The Department of English at The Ohio State University strives to build students’ knowledge of social diversity and justice and emphasizes persuasive and researched writing, revision, and composing in various forms and media. While the focus of our department’s second-level writing course offerings is writing, students will also have the opportunity to engage with contemporary topics in a variety of fields, such as literature, disability studies and video games. Each course supports students' critical thinking and learning through research-based writing tasks, class discussion and peer feedback. In addition, students work toward mastering academic writing, composing and presenting on researched topics through multiple sources; refine skills to synthesize information; create arguments about a variety of discursive, visual and/or cultural artifacts; and become more proficient in sophisticated research strategies and conventions of standard academic discourses.
In taking a second-level writing course through the English department, students will meet state and university learning objectives and receive general education (GE) credits—these credits also apply to Ohio Transfer 36 English composition learning outcomes. As outlined by Ohio’s Department of Education, “...students critically read scholarly texts, learn about conventions for academic writing, and practice writing for various rhetorical situations.”
In addition, the second-year writing program is in the process of establishing new second-level writing courses that meet the university’s forthcoming GE requirements in the “Thematic Pathways” areas.
As a second-level writing course at OSU, English 2367 fulfills the following GE categories:
- Level Two Writing and Communication
Goals and Objectives for the GE in Second-level Writing and Diversity
By the end of the course, students will have written a minimum of 5000 total words (roughly 20 total pages of written work) and a variety of texts, including at least one researched essay, with opportunities for response and revision.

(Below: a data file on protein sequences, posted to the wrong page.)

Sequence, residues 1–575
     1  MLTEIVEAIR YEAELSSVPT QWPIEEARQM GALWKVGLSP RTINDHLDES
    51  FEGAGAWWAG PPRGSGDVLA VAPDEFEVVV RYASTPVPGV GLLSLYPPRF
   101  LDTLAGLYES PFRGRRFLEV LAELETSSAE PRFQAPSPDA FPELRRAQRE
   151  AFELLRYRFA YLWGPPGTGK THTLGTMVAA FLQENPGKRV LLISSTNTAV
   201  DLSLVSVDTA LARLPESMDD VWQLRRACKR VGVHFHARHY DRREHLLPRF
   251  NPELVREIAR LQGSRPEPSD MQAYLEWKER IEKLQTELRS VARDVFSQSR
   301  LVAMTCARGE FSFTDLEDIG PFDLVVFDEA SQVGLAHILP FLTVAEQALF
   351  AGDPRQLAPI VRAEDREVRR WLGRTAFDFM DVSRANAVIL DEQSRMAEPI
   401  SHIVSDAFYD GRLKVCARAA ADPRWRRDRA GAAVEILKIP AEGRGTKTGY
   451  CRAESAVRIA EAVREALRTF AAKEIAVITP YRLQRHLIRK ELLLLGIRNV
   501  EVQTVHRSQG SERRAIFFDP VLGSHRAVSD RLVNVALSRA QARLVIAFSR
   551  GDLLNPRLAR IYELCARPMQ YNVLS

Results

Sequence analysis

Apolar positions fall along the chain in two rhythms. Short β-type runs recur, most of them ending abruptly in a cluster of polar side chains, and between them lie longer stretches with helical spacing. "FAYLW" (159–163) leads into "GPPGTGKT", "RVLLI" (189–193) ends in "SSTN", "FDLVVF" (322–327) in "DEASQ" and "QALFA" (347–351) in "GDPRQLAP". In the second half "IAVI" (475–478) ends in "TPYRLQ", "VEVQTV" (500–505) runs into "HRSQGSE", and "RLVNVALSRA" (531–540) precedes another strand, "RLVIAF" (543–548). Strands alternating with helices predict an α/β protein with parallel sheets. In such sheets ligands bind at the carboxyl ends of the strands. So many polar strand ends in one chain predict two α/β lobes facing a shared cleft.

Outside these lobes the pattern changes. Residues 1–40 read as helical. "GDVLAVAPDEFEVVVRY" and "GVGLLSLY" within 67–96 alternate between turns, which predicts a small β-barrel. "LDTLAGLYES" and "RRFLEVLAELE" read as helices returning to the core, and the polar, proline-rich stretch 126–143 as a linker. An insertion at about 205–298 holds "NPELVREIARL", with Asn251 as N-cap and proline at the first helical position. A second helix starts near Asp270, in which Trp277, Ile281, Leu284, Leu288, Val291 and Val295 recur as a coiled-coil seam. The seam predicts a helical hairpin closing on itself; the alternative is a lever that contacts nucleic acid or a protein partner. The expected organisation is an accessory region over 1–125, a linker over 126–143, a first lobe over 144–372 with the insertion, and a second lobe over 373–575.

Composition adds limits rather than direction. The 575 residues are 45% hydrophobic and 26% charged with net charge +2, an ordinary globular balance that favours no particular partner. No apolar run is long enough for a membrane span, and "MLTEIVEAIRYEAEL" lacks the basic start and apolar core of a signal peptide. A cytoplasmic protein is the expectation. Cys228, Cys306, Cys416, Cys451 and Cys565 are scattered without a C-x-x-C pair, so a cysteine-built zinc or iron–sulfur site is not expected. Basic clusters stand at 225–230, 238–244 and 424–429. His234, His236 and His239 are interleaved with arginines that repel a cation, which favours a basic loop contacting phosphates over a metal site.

Students will further develop their understanding of rhetorical situations as they read academic texts and practice tailoring their work for specific audiences.
The second writing course reinforces the rhetorical principles that students address in the first writing course. In addition, by the end of the second course, students should be able to:
- Read academic texts and understand how disciplinary conventions shape the texts they read.
- Compose texts that respond to the needs of appropriate audiences, using suitable discourse conventions to shape those texts.
- Use academic conventions of format and structure when appropriate.
Critical Thinking, Reading and Writing
Students will further develop their critical thinking skills as they analyze and synthesize academic texts.
The second writing course should reinforce the critical reading and thinking skills students developed in the first course. In addition, by the end of the second course, students should be able to:
- Find and evaluate appropriate material from electronic and other sources.
- Locate, evaluate, organize and use primary and secondary research material. Secondary research material should be collected from various sources, including journal articles and other scholarly texts found in library databases, other official databases (e.g., federal government databases), and informal electronic networks and internet sources.
- Analyze and critique sources in their writing.
- Juxtapose and integrate ideas and arguments from sources.